Nearly overnight, he went from living in a town where the Mass was hardly ever available to a city where multiple Masses were celebrated daily only a short drive from home.

His family soon became members of St. Monica Parish in Indianapolis.

Shortly afterward, Deacon Neri saw a friend from the public school he attended assisting as an altar server at a Mass celebrated in Spanish at St. Monica.

“That caught my attention,” he recalled. “I thought it was cool.”

He soon became an altar server himself. This led him to want to be involved in the parish in other ways.

“I joined the choir, even though I’m a horrible singer,” Deacon Neri said. “I was looking for a different way to serve. I enjoyed it.”

Six years after moving to Indianapolis, Deacon Neri’s faith had grown enough that he became an archdiocesan seminarian and entered into priestly formation as a freshman at Bishop Simon Bruté College Seminary and Marian University, both in Indianapolis.

At the same time, his knowledge of the vocation to the priesthood was limited.

“What I knew about the priesthood was that priests say Mass on the weekend,” Deacon Neri said. “That was it.”

The hurdle of his limited knowledge of the vocation he was discerning combined with cultural and linguistic obstacles he faced when he moved into Bishop Bruté made life as a seminarian difficult initially.

“I had been learning English, but I was in a Hispanic bubble,” Deacon Neri explained. “At home, we’d only speak Spanish. Most of my friends were Hispanic, and we’d only speak Spanish. My family and I were going only to a Spanish Mass. I was going to an Hispanic youth group.”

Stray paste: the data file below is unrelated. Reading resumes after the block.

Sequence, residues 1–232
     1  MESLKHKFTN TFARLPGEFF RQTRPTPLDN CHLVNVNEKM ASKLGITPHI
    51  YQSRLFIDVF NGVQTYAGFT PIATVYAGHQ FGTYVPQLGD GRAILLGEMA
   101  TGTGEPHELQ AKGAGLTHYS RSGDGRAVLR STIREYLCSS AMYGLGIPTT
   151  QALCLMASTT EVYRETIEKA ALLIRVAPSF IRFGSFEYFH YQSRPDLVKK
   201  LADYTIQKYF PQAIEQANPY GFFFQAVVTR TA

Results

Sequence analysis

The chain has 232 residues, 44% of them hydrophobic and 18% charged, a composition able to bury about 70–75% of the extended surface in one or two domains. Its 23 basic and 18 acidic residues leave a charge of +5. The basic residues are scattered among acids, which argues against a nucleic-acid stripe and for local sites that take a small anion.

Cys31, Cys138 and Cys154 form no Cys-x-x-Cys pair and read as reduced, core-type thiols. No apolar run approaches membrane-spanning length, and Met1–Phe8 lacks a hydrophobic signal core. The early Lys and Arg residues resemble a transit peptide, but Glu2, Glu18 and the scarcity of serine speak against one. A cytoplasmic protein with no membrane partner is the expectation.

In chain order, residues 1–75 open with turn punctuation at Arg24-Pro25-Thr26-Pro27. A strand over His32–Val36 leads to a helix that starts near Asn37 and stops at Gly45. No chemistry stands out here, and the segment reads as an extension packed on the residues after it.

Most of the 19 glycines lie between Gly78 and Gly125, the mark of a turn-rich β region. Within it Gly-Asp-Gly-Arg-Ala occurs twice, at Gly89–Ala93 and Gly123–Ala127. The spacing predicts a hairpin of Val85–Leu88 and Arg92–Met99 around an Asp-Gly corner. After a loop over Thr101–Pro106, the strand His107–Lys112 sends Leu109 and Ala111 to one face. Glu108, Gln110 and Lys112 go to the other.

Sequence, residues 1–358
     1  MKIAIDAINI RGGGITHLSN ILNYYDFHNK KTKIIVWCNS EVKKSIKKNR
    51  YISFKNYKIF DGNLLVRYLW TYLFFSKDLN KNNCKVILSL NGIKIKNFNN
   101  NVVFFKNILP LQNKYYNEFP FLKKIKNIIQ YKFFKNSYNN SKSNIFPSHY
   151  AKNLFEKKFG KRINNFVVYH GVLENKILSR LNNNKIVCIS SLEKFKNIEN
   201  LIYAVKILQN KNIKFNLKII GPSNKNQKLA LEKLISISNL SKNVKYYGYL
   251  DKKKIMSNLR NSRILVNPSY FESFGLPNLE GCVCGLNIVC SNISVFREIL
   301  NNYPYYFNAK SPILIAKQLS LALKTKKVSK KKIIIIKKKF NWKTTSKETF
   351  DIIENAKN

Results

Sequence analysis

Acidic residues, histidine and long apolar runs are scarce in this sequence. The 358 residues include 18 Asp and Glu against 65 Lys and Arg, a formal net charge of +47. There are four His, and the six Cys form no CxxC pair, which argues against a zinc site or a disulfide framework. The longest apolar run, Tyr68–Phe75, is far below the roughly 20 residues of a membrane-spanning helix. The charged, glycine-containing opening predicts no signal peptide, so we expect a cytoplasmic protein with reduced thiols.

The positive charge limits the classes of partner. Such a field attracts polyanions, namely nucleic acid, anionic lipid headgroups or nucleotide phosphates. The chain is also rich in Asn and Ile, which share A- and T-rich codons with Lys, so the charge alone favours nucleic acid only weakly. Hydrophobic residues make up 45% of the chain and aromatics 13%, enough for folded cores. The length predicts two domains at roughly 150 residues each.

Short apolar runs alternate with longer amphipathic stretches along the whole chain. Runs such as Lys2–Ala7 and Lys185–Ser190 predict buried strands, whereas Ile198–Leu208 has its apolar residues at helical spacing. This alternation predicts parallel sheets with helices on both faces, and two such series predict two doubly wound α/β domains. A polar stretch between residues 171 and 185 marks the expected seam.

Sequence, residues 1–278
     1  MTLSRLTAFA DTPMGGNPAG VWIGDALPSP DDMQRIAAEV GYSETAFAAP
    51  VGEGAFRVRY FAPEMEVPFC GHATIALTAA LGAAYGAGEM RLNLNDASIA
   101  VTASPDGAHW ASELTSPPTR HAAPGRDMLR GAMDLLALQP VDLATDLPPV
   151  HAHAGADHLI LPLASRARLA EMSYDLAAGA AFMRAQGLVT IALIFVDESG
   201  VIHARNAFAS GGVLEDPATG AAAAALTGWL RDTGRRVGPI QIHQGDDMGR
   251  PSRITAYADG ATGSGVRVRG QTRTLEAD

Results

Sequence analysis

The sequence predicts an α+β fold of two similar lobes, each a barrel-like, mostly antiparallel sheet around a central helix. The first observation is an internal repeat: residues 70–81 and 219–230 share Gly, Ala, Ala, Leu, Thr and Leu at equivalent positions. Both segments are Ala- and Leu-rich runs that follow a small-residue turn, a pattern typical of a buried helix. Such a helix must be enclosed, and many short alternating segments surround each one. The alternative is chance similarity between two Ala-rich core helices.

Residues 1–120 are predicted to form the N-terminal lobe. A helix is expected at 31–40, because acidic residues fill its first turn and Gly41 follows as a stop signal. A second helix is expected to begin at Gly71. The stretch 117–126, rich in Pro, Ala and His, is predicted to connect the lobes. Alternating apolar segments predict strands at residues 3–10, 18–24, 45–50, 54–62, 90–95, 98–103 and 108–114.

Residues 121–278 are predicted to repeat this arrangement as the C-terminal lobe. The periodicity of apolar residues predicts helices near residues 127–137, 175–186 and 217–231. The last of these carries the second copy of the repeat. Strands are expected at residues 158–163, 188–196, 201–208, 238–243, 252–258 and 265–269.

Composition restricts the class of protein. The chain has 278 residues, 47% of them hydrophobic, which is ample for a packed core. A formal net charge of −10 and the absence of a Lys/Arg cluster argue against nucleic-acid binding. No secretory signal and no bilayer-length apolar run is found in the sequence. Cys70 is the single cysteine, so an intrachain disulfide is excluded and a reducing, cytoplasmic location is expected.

Bishop Bruté “was a whole new world.”

“I was living with ‘Anglo’ people,” Deacon Neri said. “I was praying in English. That was new to me. I had to learn the responses in English because I didn’t know them. It was a lot of learning.”

These challenges led Deacon Neri to discern out of the seminary after his sophomore year. Two years later, he earned a bachelor’s degree at Indiana University-Purdue University Indianapolis (IUPUI).

“I got overwhelmed by the whole thing,” he remembered. “But I never ruled the priesthood out, even when I left.”

From ‘if’ to ‘how’

While a student at IUPUI, Deacon Neri went on a retreat. There, he experienced a turning point while praying.

“I heard God saying in the back of my mind, ‘Be a priest,’ ” Deacon Neri said. “It’s always been those words: be a priest, be a priest, be a priest. Those words were so loud in my mind.”

So, after a year of working in a business owned by an uncle, Deacon Neri became an archdiocesan seminarian again and entered priestly formation at Saint Meinrad.

For his first three years there, he still wasn’t sure if the priesthood was his vocation.

“During those three years, I would tell people, ‘If God wants me to be a priest, I’ll be a priest,’ ” Deacon Neri said. “There was always a question mark.”

That changed by the end of that third year, when ordination as a transitional deacon was a year away.

“I went from, ‘If God wants me to be a priest,’ to ‘How am I going to be as a priest, because God wants me to do this?’ ” he said. “It wasn’t a question of ‘if,’ but a question of ‘how.’ ”

After overcoming cultural and linguistic challenges at Bishop Bruté as a teenager, Deacon Neri at Saint Meinrad has helped his fellow seminarians whose first language is English prepare to minister in Spanish.

One of those seminarians is Aaron Noll, in his second year of formation at Saint Meinrad.

“I’ve been practicing my Spanish with José, either in random small conversations or on Tuesdays here at Spanish tables where we have conversations in Spanish while we eat lunch,” said Noll, a member of St. Bartholomew Parish in Columbus. “He’s helping form me for ministry in that way, to continue to broaden how I can do ministry by knowing Spanish.”